When it comes to addiction and understanding how drug abuse works, we have to take a closer look at the actual substances that are used, and how they affect the body. Chemical drugs infiltrate the brains communication system and disrupt the nerve cells in they way they send, receive and process information. Drugs either imitate the brains natural chemical communication system or over stimulate the brains reward circuit. Drugs such as heroin and marijuana have a similar chemical structure known as neurotransmitters which are produced in the brain naturally. In turn such drugs are able to fool the receptors in the brain and in turn activate the brains nerve cells which produce abnormal messages.
Most people’s understanding of why we become addicted to substances is limited and how these substances affect the brain. Most people view addiction and the use of drugs as a social problem and in most instances characterise users as morally weak. A common belief is that if an addict is willing to change their behaviour patterns, then they should also be able to stop their substance abuse.
Stopping drug abuse is not simply matter of having willpower, as it is a disease that has a serious impact on the brain, that is why most people do not understand the complexity of substance abuse addictions. Advanced research has revealed how substance abuse affects the brain and how addiction can be successfully treated whereby addicts can once again resume productive lives.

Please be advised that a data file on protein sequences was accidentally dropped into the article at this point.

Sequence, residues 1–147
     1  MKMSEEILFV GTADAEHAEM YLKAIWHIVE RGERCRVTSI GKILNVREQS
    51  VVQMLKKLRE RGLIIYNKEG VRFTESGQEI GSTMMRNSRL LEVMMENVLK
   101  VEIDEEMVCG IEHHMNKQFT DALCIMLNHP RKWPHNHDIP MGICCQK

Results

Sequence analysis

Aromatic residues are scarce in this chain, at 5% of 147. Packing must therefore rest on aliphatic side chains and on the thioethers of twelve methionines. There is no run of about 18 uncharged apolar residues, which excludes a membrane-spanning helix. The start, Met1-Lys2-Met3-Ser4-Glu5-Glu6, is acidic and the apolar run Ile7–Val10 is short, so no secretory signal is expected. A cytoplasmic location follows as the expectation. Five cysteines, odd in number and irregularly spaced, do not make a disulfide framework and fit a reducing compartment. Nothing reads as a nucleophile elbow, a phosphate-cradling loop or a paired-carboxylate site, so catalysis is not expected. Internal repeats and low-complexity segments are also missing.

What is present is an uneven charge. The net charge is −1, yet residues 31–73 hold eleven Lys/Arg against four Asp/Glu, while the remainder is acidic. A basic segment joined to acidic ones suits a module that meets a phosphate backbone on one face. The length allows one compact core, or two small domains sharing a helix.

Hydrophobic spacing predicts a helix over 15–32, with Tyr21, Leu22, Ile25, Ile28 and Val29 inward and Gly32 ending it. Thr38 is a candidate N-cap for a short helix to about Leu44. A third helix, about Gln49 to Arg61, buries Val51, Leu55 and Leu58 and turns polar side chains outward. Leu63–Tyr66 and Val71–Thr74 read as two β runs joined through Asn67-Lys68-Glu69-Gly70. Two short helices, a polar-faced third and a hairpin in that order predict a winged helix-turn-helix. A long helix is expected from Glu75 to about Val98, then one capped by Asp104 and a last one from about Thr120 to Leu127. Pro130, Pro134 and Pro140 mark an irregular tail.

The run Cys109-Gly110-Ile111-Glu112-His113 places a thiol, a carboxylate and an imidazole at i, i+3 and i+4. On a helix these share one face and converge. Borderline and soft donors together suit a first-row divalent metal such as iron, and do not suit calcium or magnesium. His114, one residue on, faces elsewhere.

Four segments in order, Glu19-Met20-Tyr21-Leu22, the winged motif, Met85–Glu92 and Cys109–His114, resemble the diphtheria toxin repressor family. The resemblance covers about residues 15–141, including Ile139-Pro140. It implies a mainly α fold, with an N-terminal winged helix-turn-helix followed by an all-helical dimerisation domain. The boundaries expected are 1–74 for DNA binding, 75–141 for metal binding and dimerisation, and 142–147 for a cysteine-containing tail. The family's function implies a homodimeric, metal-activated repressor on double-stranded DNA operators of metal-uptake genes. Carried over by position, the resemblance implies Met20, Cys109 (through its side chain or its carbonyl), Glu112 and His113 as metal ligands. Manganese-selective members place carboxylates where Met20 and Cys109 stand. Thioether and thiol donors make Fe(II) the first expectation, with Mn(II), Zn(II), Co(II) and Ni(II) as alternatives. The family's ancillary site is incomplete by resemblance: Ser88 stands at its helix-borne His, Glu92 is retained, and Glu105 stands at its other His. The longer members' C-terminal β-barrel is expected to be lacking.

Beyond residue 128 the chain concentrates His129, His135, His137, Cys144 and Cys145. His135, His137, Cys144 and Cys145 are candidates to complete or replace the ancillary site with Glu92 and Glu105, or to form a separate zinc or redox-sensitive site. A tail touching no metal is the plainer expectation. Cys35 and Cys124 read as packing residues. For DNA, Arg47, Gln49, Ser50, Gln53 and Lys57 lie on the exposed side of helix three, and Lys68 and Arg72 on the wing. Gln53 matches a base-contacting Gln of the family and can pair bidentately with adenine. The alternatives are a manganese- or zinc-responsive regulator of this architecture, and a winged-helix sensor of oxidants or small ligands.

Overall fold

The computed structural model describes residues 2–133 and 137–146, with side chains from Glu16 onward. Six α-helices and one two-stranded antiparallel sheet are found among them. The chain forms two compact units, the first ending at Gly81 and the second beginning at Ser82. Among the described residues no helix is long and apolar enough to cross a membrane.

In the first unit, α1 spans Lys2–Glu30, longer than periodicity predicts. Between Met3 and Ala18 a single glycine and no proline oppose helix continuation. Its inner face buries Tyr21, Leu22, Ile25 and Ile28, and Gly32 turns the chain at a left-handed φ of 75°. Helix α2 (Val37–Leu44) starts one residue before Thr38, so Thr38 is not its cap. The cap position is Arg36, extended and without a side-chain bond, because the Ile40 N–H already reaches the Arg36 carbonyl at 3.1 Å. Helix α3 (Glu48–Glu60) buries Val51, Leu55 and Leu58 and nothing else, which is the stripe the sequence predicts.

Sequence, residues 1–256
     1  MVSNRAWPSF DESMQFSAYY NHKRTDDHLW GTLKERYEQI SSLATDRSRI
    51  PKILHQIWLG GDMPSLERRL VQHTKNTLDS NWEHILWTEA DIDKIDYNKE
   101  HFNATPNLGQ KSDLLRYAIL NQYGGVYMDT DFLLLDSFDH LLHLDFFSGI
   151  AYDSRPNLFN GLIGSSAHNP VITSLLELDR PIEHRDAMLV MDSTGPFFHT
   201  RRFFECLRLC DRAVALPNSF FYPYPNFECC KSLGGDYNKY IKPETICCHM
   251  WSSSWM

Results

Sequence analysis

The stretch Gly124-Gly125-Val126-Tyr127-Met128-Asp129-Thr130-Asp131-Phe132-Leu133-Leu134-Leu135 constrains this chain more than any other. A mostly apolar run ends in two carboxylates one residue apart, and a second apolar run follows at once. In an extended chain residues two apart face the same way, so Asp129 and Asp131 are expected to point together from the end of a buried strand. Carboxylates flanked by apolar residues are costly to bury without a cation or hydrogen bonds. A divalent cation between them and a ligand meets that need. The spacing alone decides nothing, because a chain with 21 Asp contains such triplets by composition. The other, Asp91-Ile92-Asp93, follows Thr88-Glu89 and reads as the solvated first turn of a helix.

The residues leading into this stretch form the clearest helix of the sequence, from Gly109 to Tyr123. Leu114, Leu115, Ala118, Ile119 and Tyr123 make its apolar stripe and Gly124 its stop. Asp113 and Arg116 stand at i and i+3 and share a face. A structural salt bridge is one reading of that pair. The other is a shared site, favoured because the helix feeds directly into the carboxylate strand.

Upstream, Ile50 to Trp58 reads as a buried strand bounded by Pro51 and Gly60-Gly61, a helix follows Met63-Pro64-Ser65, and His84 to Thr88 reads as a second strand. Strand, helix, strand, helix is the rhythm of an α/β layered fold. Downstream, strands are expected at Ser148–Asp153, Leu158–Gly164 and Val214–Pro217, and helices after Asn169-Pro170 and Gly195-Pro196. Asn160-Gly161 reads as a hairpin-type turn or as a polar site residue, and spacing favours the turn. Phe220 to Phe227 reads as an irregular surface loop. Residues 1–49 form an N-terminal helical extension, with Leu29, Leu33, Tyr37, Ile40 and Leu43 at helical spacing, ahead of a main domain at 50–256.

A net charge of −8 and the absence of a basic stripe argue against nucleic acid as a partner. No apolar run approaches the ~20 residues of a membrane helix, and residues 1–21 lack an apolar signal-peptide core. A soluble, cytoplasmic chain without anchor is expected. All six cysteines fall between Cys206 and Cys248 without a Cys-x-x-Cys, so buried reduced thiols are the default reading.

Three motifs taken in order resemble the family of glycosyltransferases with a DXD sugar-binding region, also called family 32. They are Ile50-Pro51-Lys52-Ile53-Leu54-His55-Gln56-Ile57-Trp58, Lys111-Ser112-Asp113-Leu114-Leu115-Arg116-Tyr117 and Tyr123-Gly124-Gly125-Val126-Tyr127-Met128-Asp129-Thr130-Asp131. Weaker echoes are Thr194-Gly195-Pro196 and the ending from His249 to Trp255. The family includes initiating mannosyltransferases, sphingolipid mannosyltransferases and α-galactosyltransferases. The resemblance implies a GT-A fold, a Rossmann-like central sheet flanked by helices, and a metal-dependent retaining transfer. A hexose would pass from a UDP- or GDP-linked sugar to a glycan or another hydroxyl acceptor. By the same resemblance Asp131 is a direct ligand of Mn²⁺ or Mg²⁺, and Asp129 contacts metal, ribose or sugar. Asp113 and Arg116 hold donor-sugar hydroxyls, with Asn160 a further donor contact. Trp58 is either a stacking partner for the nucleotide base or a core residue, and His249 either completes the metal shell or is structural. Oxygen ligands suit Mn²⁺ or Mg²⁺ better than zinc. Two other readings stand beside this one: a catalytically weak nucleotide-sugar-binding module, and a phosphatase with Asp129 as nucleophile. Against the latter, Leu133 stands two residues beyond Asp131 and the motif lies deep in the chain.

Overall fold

Drug abuse, as well as alcohol abuse can cause changes in the function and structure of the brain and hence is considered a brain disease. Initially for most users, taking drugs is voluntary; however, repeated substance abuse over time can affect the user’s ability to make sound decisions and can affect their self control as well as create intense impulses to take drugs or alcohol. Due to the changes in the brain, a user will find it challenging to stop using.
Fortunately there are first class rehabilitation centres such as SHARP that help addicts to counteract the powerful disruptive effects of an addiction and get their lives back on track. Treatment approaches are specifically tailored to each individual’s addiction pattern which includes their social, psychiatric and medical problems which can lead to a life without drugs or alcohol.